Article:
Alienating Muslims and calling it Conservatism … great.
posted at 1:39 pm on August 12, 2010 by Amy Ritter
Bryan Fischer took a shot at Muslim places of worship from his watchtower blog (Rightly Concerned, Cautiously Observing the Left, from the Right) Tuesday with a fiery “No more mosques, period” entry.
Advocating the denial of permission for a single additional mosque to be built here in the U.S., Fischer asserts that “each Islamic mosque is dedicated to the overthrow of the American government.” The mosque, he says, is simply too dangerous:
Each one is a potential jihadist recruitment and training center, and determined to implement the “Grand Jihad” of which Andy McCarthy has written.
Here is the strategy, in their own words, in the words of “An Explanatory Memorandum” circulated by the Muslim Brotherhood in 1991 which outlines “the General Strategic Goal” for the Islamic movement “in North America.”
Read it and shudder:
Muslims “must understand that their work in America is a kind of grand Jihad in eliminating and destroying the Western civilization from within and ‘sabotaging’ its miserable house by their hands and the hands of the believers so that it is eliminated and God’s religion is made victorious over all other religions…It is a Muslim’s destiny to perform Jihad and work wherever he is and wherever he lands until the final hour comes, and there is no escape from that destiny…” (emphasis mine)
Because of this subversive ideology, Muslims cannot claim religious freedom protections under the First Amendment. They are currently using First Amendment freedoms to make plans to destroy the First Amendment altogether. There is no such thing as freedom of religion in Islam, and it is sheer and utter folly for Americans to delude themselves into thinking otherwise.
Fischer is clearly out of line here, especially in speaking for conservative ideology.
He implies that all mosques are under the influence of the Muslim Brotherhood, whose overt agenda is, by the way, a dangerous one. He also implies that all Muslims are ruled by a “subversive ideology” which then disqualifies them from religious freedom in this country.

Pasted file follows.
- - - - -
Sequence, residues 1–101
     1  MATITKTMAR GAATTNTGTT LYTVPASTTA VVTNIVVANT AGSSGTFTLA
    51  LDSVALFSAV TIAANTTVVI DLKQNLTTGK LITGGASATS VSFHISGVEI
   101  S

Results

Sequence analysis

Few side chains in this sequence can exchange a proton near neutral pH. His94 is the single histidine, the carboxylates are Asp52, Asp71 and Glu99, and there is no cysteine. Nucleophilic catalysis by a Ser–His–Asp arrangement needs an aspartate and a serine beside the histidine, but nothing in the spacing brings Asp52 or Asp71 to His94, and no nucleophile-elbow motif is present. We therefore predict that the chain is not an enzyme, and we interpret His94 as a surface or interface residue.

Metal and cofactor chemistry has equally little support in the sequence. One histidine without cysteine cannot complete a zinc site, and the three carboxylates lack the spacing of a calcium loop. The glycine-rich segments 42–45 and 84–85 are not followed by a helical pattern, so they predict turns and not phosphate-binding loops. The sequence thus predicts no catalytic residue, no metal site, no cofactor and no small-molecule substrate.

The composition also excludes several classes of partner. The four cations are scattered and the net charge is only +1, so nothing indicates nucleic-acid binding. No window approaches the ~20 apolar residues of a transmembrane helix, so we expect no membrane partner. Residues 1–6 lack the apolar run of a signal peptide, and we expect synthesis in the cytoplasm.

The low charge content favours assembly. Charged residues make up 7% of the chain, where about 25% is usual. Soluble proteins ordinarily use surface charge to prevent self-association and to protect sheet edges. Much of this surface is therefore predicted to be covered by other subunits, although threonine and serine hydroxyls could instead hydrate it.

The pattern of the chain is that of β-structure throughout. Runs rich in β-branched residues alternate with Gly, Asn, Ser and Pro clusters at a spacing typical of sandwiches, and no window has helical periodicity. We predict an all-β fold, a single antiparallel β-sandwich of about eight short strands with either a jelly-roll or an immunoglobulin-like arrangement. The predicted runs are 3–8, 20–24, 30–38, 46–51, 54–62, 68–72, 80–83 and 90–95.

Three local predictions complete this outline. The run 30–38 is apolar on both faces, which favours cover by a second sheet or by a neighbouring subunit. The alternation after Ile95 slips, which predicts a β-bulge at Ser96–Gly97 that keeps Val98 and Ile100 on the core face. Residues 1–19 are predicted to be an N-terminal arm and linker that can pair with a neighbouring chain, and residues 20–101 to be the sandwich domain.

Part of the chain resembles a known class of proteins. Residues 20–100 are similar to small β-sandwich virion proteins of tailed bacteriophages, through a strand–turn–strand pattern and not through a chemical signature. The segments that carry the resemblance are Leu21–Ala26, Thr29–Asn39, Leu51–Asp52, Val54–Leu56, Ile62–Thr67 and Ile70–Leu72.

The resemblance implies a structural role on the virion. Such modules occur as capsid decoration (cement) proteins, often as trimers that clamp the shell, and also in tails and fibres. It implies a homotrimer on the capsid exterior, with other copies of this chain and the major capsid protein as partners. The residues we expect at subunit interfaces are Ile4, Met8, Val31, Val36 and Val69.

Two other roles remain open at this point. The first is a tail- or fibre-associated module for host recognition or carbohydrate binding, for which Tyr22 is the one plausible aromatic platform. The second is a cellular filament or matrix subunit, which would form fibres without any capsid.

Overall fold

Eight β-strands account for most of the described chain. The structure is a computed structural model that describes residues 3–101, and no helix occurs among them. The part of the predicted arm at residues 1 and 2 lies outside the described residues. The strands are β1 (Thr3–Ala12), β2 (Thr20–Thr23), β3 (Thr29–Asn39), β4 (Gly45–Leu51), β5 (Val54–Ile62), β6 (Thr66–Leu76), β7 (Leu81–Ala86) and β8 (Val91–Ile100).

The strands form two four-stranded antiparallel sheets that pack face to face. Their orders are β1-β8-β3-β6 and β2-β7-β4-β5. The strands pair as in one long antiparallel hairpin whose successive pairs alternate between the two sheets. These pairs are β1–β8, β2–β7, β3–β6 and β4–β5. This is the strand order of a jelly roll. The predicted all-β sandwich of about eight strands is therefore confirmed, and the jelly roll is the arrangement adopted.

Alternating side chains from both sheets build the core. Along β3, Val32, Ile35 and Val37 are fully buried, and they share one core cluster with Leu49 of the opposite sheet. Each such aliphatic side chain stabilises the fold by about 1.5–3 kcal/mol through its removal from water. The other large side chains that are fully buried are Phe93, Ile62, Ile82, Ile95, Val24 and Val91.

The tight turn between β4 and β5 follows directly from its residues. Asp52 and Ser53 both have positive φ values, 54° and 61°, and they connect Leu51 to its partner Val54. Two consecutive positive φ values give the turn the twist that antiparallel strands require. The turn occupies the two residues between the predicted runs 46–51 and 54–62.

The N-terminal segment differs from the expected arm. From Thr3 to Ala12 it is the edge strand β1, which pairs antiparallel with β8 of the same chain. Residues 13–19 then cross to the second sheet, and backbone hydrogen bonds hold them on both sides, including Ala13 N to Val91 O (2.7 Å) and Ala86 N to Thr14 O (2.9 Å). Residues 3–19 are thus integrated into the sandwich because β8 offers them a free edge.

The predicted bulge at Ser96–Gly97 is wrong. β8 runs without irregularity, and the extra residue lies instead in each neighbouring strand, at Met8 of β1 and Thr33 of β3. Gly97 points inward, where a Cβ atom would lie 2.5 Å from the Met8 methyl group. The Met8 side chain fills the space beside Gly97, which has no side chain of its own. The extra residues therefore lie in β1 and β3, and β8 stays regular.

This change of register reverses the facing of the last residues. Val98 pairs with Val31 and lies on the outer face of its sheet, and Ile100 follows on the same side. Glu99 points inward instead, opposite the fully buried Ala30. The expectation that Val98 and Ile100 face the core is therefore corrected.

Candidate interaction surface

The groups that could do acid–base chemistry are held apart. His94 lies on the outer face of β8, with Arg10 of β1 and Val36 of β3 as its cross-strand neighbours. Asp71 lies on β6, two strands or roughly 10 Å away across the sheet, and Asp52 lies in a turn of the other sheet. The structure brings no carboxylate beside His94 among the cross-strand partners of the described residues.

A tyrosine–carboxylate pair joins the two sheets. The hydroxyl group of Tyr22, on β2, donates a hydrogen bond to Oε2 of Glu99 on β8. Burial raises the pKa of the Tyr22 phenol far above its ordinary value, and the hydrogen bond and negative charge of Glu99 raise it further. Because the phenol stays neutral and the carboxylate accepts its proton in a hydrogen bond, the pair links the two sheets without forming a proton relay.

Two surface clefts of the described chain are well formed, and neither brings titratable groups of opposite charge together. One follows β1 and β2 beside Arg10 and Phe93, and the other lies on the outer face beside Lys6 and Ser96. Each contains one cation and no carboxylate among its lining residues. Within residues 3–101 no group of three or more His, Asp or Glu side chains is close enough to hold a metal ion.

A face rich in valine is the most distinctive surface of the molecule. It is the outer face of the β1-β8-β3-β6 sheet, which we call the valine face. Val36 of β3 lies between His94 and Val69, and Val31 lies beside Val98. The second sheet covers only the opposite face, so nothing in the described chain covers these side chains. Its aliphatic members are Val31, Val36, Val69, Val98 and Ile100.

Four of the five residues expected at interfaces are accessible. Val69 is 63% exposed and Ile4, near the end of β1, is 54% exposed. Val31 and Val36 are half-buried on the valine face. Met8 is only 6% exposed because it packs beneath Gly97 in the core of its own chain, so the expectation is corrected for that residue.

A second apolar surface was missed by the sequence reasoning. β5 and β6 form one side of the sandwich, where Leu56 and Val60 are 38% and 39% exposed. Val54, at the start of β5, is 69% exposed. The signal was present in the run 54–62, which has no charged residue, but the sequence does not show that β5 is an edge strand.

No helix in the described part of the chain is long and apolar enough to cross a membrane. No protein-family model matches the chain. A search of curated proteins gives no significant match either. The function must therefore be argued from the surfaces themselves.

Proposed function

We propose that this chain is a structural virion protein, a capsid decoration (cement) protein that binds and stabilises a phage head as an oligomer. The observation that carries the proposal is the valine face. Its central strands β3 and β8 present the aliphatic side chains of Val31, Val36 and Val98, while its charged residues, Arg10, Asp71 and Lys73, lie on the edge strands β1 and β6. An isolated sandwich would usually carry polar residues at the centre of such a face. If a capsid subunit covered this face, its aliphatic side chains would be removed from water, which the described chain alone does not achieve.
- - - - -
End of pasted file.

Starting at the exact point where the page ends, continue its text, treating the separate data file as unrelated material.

The terrorism of 2001 made Muslim Americans a suspicious target in a similar way that the bombing of Pearl Harbor incited mistrust of Japanese Americans. Of course, Muslims, and, namely Arab Americans are not being rounded into internment camps, but a proposal like Fischer’s would lead to a similar event: the hasty removal of rights from Americans without due process.
True conservatives stand for the constitutional rights of all Americans to be upheld.
In contrast to Fischer’s “no more mosque” strategy, a study released in January this year by professors from Duke University and the University of North Carolina claims that “a variety of practices of Muslim-American communities may be helping to prevent and address instances of radicalization”.
One study is not enough to form a solid opinion, but the information may be helpful.
While I don’t agree with Fischer on his main thesis, I do agree that caution about certain Islamic organizations, like the Muslim Brotherhood, is perfectly legitimate. These concerns however should be addressed by providing clear evidence and specific solutions. If there is a specific mosque or any gathering place where anti-American ideology or plots are formed, then consequences should follow.
Additionally, Fischer’s “facts” are propped up with loaded language and yet lacking in primary source material:
The Saudis already provide the funding for 80% of the mosques in America, sowing their seeds of subversion and violent overthrow on a weekly basis in one American city after another. And it’s not just in major metropolitan areas. Murfreesboro, Tennessee is engulfed in a community controversy over Muslim plans to build a jihadist recruitment center (aka a mosque) there.
One last thing to address with Fischer’s blog post is its connection with the American Family Association which claims to “communicate an outspoken, resolute, Christian voice throughout America.” Fischer is speaking for American Christians with a message that clearly generalizes and alienates Muslims.
As a regular reader of the Bible, friend of many Muslims in Minnesota and California, and student of Islamic religion and culture, I cannot agree with Fischer. And I would challenge anyone who is considering the “no more mosques” ideology to get to know at least one Muslim before they make a decision.